Riverdale star Camila Mendes is a newcomer by Hollywood standards—she only recently graduated from New York University’s Tisch School of the Arts, and her role as complicated, formerly rich girl Veronica Lodge is her first ever—but the Miami native has the confidence and insight of a well-seasoned vet.
Those traits have helped her settle in just fine on the Riverdale set in Vancouver, especially with her onscreen mother, actress Marisol Nicholes (who plays Hermione Lodge). “I love her to death,” Nichols gushed to me. “She’s my favorite. I think I can say that since she does play my daughter! She’s dynamite; she’s amazing. We get along very, very well. We truly do. Thank God!”
Viewers have fallen in love with Mendes as well, and not just because her version of Veronica is so much more than the spoiled heiress portrayed in the Archie Comics. Mendes brings an authenticity to the role that could have easily been one note. It’s something the actress applies in real life too. She’s quick to point out that she’s more than her upbringing, more than the color of her skin, and definitely more than old-fashioned stereotypes. And, best of all, she has no problem being vocal about it. Here’s why.
Glamour: You’ve said you have never felt so confident about a character. Tell me why.
Camila Mendes: I had been auditioning for about a year, and a lot of the roles I went out for didn’t feel…you kind of know, as an actor, when you get a script, if you’re like, “Can I actually play this? Is a casting director going to put me in this role? I’m not going to play this. I wouldn’t cast me as this.” You go out for it anyway because you want to get the exposure, and you want people to see you and feel like you’re doing something with your life. [Laughs.] This role came along, and it was the perfect fit. Everything about it—I had her on the surface of who I am. [I also liked] the fact that she was Latina, and they weren’t trying to push any stereotype on her. She just was Latina, which is how I feel. I’m a Brazilian—full blood, parents born and raised, and I lived there for a little bit—but I didn’t grow up there. I’m not as Latina as sometimes these castings demand you to be—this “urban” idea of what a Latina is. I’m American; I was born and raised in America, and I don’t want to fake who I am to fit a stereotype. This came along, and I felt like I didn’t have to try to be anything that I’m not. Obviously, I’m putting on a character, but I’m not faking anything. I just felt really strongly about her. I grew up watching Gossip Girl and The O.C., and I looked up to Blair Waldorf and Summer Roberts.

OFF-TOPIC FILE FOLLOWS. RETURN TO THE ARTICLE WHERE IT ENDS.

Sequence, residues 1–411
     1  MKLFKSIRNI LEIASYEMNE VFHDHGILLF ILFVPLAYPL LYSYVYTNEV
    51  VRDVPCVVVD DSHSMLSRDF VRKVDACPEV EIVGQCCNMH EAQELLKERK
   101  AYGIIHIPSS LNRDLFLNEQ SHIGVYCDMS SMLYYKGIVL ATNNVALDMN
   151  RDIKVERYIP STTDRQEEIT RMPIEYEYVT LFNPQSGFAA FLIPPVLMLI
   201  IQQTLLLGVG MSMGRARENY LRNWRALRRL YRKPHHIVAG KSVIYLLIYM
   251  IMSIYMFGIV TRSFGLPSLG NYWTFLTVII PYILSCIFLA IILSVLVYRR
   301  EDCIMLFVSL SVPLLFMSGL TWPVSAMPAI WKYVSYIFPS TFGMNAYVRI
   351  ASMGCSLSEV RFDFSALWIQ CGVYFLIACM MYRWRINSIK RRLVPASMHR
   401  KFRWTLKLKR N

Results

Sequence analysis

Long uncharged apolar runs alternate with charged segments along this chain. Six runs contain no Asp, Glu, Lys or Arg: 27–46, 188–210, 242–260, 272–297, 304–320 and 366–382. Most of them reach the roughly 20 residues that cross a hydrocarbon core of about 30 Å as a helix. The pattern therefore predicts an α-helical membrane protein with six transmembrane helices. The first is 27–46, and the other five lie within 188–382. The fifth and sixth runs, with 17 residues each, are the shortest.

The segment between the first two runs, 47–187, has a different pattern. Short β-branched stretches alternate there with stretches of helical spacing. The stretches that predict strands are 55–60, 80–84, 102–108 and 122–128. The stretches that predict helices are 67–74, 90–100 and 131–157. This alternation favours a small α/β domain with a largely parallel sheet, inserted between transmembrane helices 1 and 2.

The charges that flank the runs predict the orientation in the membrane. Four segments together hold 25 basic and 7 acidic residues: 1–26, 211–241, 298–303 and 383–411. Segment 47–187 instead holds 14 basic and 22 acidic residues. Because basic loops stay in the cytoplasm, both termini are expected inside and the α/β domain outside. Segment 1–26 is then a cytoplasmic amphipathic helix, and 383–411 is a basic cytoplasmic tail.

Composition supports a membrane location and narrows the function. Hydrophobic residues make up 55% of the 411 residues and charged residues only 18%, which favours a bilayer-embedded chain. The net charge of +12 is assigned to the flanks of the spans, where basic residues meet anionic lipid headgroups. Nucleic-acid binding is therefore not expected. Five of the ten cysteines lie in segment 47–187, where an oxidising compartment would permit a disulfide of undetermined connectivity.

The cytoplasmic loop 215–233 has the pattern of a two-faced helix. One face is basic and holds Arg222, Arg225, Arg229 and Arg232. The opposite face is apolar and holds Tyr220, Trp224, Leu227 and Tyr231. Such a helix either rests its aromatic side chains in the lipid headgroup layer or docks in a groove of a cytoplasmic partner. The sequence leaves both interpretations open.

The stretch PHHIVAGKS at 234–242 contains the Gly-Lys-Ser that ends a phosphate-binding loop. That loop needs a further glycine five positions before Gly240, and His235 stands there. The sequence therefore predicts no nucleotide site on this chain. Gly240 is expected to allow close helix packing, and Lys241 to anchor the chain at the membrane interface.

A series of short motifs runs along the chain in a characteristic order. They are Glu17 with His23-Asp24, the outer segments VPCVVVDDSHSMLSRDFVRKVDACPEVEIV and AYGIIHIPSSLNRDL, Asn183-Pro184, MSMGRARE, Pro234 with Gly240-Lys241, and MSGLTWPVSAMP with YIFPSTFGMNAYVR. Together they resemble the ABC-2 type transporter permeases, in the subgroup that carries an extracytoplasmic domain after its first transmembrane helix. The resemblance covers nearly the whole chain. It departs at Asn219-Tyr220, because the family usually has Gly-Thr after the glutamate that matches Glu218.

Glamour: Why did you look up to those characters?
CM: Because they’re strong! They say it like it is, and they’re in control and are confident and have a lot of pride. I think that’s a good example to set for young women. I was really susceptible to that [when I was young]. Being able to play that, I already knew how to go there. I rewatched The O.C., like, seven times! I know that show like the back of my hand, like, “I got this!”
Glamour: Veronica’s mom is trying to make a life for her and her daughter because she doesn’t know where the money is coming from next and her husband is in prison. Veronica’s the voice of reason right now in her family…
CM: That’s something that I’ve experienced too, growing up—when you start to see your parents struggle. The first time you start to see that, when they show that side to you—whether it’s financial trouble or there’s a divorce, whatever it is in your family—there’s going to be a point where something’s going to start to fall apart. When you see that and your parents going through that, it’s like you pull back the curtain. You’re seeing the backstage, as opposed to the front stage. You see them as people. The fact that just because they’re older or more experienced in life doesn’t mean they’ve learned from all their mistakes, doesn’t mean they’re changed. They’re continually dealing with issues they’ve been dealing with their entire life! And some people never learn. At a certain age you can’t really change; you just are who you are. I think Veronica sees that her parents are very much as lost as she is. It’s a coming-of-age story for everyone. Everyone’s growing. It’s not just the kids.
Glamour: Veronica certainly doesn’t have to be with anybody, but is there a relationship you’d love to see her explore? Or is she meant for Archie?
CM: I do think Veronica’s really good for Archie. I know I’m biased!
Glamour: They do have some sweet scenes together.
CM: Oh, there is! There are so many sweet scenes. I feel like they’re exploring this darker side of Archie, and he’s dealing with the darkness of Riverdale. I think Veronica plays into that. She’s seen a darker world; she’s not from Riverdale. She’s seen some shit. She’s been through shit. If anyone can help him through whatever he’s going through, it’s her. She’s kind of the strength in his life—or she’s stability. She can also recognize his…I think both of them are a little bit impulsive and a little bit unstable.
A new episode of Riverdale airs tonight on The CW at 9:00 P.M. ET.
Wait, there’s more: Watch Madelaine Petsch, who plays Cheryl Blossom, give us a tour of Pop’s Choklit Shoppe: